Reversing Global Wildlife Decline
- 18 Sep 2020
- 8 min read
Why in News
Wildlife populations have fallen by more than two-thirds over the last 50 years, according to a Living Planet Report 2020 of the World Wildlife Fund.
- Related to Biodiversity:
- There has been a reduction of 68% in the global wildlife population between 1970 and 2016.
- The highest biodiversity loss due to land use change: (1) Europe and Central Asia at 57.9 %; (2) North America at 52.5 %; (3) Latin America and Caribbean at 51.2 %; (4) Africa at 45.9 %; (5) Asia at 43%.
- The sharpest declines have occurred throughout the world’s rivers and lakes, where freshwater wildlife has plummeted by 84% since 1970 — about 4% per year.
- Related to Land and Oceans:
- 75% of the Earth’s ice-free land surface has already been significantly altered.
- Most of the oceans are polluted.
- More than 85% of the area of wetlands has been lost during 1970-2016.
- Related to Biodiversity:
- India’s scenario:
- India has 2.4% global land share, about 8% global biodiversity and around 16% global population
- However, it has lost 12% of its wild mammals, 19% amphibians and 3% birds over the last five decades.
- India’s ecological footprint per person is less than 1.6 global hectares (gha)/person (smaller than that of many large countries). But, its high population size has made the gross footprint significantly high.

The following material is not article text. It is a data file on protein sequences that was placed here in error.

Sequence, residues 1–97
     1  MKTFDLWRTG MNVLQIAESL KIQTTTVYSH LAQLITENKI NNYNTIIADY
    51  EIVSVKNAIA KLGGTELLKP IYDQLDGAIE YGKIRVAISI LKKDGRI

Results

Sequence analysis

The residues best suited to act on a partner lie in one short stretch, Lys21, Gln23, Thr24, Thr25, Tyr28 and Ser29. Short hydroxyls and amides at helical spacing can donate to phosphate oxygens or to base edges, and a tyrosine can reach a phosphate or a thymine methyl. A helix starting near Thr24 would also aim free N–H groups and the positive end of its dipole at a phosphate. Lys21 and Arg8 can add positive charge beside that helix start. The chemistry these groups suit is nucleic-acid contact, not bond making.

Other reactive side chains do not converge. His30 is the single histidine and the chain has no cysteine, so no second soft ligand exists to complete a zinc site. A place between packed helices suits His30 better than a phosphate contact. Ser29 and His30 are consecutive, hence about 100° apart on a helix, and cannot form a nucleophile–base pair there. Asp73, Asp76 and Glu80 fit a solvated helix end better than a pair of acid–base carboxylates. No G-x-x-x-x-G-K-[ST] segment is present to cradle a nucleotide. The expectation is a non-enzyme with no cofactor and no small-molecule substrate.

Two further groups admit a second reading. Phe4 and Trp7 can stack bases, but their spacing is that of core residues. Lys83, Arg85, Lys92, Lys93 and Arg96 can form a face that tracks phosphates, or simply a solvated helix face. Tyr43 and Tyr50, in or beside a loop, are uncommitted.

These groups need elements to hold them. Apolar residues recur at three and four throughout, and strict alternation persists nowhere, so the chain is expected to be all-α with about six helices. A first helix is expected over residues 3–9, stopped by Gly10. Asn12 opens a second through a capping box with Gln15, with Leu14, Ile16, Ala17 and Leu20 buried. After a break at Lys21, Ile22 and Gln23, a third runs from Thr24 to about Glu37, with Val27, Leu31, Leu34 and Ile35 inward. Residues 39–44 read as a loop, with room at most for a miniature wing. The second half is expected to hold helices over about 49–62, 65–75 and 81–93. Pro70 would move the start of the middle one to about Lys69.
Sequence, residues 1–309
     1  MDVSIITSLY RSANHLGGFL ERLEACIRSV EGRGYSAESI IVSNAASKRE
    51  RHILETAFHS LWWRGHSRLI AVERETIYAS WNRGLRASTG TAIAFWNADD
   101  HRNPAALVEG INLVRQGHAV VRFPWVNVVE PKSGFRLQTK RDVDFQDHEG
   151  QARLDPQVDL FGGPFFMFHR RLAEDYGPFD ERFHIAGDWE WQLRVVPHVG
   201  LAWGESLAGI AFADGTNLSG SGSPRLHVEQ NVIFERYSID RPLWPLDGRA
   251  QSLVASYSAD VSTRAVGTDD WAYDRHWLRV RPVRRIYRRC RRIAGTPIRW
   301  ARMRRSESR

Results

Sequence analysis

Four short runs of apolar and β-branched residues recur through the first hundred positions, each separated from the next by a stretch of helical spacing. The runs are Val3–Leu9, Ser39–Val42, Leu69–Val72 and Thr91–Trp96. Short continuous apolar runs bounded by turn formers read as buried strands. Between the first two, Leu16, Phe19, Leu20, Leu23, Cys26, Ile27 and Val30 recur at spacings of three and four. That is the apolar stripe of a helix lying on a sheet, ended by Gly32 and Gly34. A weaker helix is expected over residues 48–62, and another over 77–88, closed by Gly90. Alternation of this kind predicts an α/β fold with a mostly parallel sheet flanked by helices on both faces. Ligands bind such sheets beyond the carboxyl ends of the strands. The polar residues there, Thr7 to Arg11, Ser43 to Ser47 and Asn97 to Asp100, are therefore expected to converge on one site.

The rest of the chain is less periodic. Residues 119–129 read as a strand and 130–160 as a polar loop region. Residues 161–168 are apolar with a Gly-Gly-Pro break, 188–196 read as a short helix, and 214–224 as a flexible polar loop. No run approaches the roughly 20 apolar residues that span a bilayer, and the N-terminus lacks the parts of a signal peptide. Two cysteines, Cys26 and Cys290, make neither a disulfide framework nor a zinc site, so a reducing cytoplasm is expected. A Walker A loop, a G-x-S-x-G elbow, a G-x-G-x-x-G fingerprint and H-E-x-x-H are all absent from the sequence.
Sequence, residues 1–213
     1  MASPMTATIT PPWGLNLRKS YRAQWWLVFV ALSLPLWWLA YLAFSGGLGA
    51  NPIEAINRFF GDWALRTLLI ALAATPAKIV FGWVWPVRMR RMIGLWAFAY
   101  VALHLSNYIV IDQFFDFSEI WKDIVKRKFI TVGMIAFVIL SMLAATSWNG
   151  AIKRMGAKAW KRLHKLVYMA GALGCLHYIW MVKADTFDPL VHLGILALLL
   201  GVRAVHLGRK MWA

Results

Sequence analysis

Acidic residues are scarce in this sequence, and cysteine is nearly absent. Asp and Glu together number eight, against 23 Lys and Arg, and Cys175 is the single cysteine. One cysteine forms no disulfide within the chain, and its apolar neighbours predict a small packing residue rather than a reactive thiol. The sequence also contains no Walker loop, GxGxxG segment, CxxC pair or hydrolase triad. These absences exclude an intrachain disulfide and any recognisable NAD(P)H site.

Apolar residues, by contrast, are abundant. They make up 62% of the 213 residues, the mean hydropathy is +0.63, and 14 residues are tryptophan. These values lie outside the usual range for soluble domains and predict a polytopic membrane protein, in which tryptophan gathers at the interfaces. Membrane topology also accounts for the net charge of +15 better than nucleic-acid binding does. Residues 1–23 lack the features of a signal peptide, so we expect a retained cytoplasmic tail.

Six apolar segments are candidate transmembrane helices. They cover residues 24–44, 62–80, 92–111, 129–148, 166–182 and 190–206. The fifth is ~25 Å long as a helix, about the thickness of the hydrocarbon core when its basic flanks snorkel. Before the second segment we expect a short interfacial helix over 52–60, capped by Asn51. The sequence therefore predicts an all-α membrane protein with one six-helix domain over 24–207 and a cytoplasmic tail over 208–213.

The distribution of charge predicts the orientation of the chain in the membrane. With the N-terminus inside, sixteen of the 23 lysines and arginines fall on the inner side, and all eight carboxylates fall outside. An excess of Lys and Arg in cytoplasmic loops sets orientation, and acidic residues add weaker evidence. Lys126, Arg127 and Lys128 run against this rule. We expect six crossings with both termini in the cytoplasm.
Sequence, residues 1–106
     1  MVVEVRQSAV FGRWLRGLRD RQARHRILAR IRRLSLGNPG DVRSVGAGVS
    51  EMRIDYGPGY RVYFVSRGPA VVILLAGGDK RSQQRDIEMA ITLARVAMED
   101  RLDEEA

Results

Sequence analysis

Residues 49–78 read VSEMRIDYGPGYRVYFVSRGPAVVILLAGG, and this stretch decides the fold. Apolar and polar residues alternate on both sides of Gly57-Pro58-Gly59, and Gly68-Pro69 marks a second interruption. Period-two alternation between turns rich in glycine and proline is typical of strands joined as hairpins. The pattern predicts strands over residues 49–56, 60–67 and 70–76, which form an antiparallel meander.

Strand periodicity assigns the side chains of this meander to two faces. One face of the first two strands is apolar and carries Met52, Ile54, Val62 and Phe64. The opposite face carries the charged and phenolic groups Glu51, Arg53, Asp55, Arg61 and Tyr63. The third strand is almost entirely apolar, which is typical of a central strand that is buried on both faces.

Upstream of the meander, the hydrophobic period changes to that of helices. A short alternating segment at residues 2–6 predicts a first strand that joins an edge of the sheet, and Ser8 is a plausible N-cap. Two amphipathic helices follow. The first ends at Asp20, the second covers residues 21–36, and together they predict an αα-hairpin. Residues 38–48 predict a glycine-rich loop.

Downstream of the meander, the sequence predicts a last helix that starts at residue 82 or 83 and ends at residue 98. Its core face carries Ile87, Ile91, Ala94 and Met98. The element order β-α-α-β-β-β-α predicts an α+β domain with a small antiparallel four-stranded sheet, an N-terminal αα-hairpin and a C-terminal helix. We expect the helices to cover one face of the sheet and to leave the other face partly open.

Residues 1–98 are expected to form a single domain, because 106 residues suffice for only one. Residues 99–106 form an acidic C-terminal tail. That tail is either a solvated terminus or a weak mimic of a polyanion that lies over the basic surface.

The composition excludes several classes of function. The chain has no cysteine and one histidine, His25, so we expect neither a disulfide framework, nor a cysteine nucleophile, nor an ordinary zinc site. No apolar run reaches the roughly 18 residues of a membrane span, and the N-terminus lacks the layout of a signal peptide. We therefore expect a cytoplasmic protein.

- Ecological Footprint: It is the amount of the environment necessary to produce the goods and services necessary to support a particular lifestyle.
- Factors responsible for this decline:
- Changes in how land is used – from pristine forest to cropland or pasture – rank among the greatest threats to biodiversity on land worldwide.
- Use and trade of wildlife.
- Natural habitat loss.
- Degradation and deforestation driven by food production processes.
- Need for Conservation Efforts:
- Because the health of nature is intimately linked to the health of humans.
- The emergence of new infectious diseases like Covid-19 tend to be related to the destruction of forests and wilderness.
- Healthy ecosystems are the foundation of today’s global economies and societies, and the ones we aspire to build.
- As more and more species are drawn towards extinction, the very life support systems on which civilisation depends are eroded.
- As per the World Economic Forum, biodiversity loss is a disturbing threat with few parallels like extreme weather events, climate change, severe income inequality etc.
- It refers to all the varieties of life that can be found on Earth (plants, animals, fungi and microorganisms) as well as to the communities that they form and the habitats in which they live.
- As per the Convention on Biological Diversity (Article 2): Biological Diversity means the variability among living organisms from all sources including, inter alia, terrestrial, marine and other aquatic ecosystems and the ecological complexes of which they are part; this includes diversity within species, between species and of ecosystems.
- It can be understood at three levels: